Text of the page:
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Todays inspection had a Johnson Furnace in it. The serial number on the unit was #3 stamped into the plate. Mad# looks like BTS100. 100,000/80,000 btu. No blower door switch. A single huge burner (like a hot water heater. The unit ran flawlessly and was very quiet.

There is a strange vent configuration.

I need help with two things:

Age and what do you think of this flue set up? The flue runs through the return air into a box on the outside of the furnace and then up the flue to the chimney. But the box on the side has no bottom.

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flue runs through the return air into a box on the outside of the furnace and then up the flue to the chimney. But the box on the side has no bottom.

The flue/ combustion air should not run up through the return air. The flue gases/ combustion air is running up through the interior part of the heat exchanger. The opening that you can see in the 2nd picture is where the flue gases come out of the exchanger and enter the exhaust vent. That is a typical set up for an old system.

The open bottom just makes it easier to evaluate the heat exchanger for damage.... If you think about it, heat rises. If heat does not rise, what's gonna happen? As long as the return air plenum is sealed, the combustion air will be looped back through the heat exchanger.

There isn't supposed to be a bottom in this case.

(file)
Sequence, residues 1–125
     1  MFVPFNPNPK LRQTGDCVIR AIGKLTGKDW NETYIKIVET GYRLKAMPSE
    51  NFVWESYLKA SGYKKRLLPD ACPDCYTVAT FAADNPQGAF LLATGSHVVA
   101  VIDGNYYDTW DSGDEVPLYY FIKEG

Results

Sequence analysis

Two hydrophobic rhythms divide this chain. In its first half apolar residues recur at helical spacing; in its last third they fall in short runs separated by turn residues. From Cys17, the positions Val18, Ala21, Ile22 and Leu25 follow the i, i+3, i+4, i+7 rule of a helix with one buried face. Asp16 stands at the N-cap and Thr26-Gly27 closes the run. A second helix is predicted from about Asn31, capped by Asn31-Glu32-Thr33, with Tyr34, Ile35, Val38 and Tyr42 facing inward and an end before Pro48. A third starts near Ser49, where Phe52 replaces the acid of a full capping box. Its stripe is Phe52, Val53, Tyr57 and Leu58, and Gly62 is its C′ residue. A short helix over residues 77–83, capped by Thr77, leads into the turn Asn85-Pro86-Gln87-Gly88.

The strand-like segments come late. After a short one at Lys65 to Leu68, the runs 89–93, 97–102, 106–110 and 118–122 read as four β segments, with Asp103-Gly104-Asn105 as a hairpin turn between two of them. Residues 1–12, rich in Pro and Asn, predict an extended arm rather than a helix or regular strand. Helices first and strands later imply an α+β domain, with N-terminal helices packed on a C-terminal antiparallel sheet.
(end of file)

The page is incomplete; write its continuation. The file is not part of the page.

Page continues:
I'll probably re- read this post in the morning and need to change it. I'm kind of groggy right now.........

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I agree with Brandon. It was configured this way by the manufacturer, probably to recover some of the heat loss in exhaust to pre-heat return air - high tech for it's day.

Seeing the burner setup would be a great help in guessing its age, but simply based upon the cabinet color and the appearance of the information plate (dating myself) I'd guess that furnace is pushing 45 to 50 years old.

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I'm guessing that furnace could be somewhere between 1959-1964? or so?

I see brand-new oil-fired furnaces that have the exhaust-vent running through the return just like that today. Brand-new. It has always struck me as not a great idea, because you're robbing the exhaust of heat which could possibly adversely affect the quality of the draft. Then what happens if the vent gets rusted-through or compromised with a bad weld? (I always check for that with a mirror, but I've yet to see a problem.. yet..).

Some of these lowboys were used because of the location of the fuel source and the chimney (I guess..) and the duct work in general.

I've never seen a gas-fired unit with the 'draft hood' outside nearby the blower-end like that (yet).

I'd say that the blower door should be kept tightly-closed (maybe even taped) to prevent negative pressure from affecting that draft. How was the 'draft' when the unit was running (with the blower-door closed?).

I'd have put my mirror around the base of that draft hood during burner+blower operation..

If you had given us the age of the house and a stand-back shot...it may have helped... :)

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I see these in apartments or apartments gone condo. Is it part of a multi-unit hi-rise?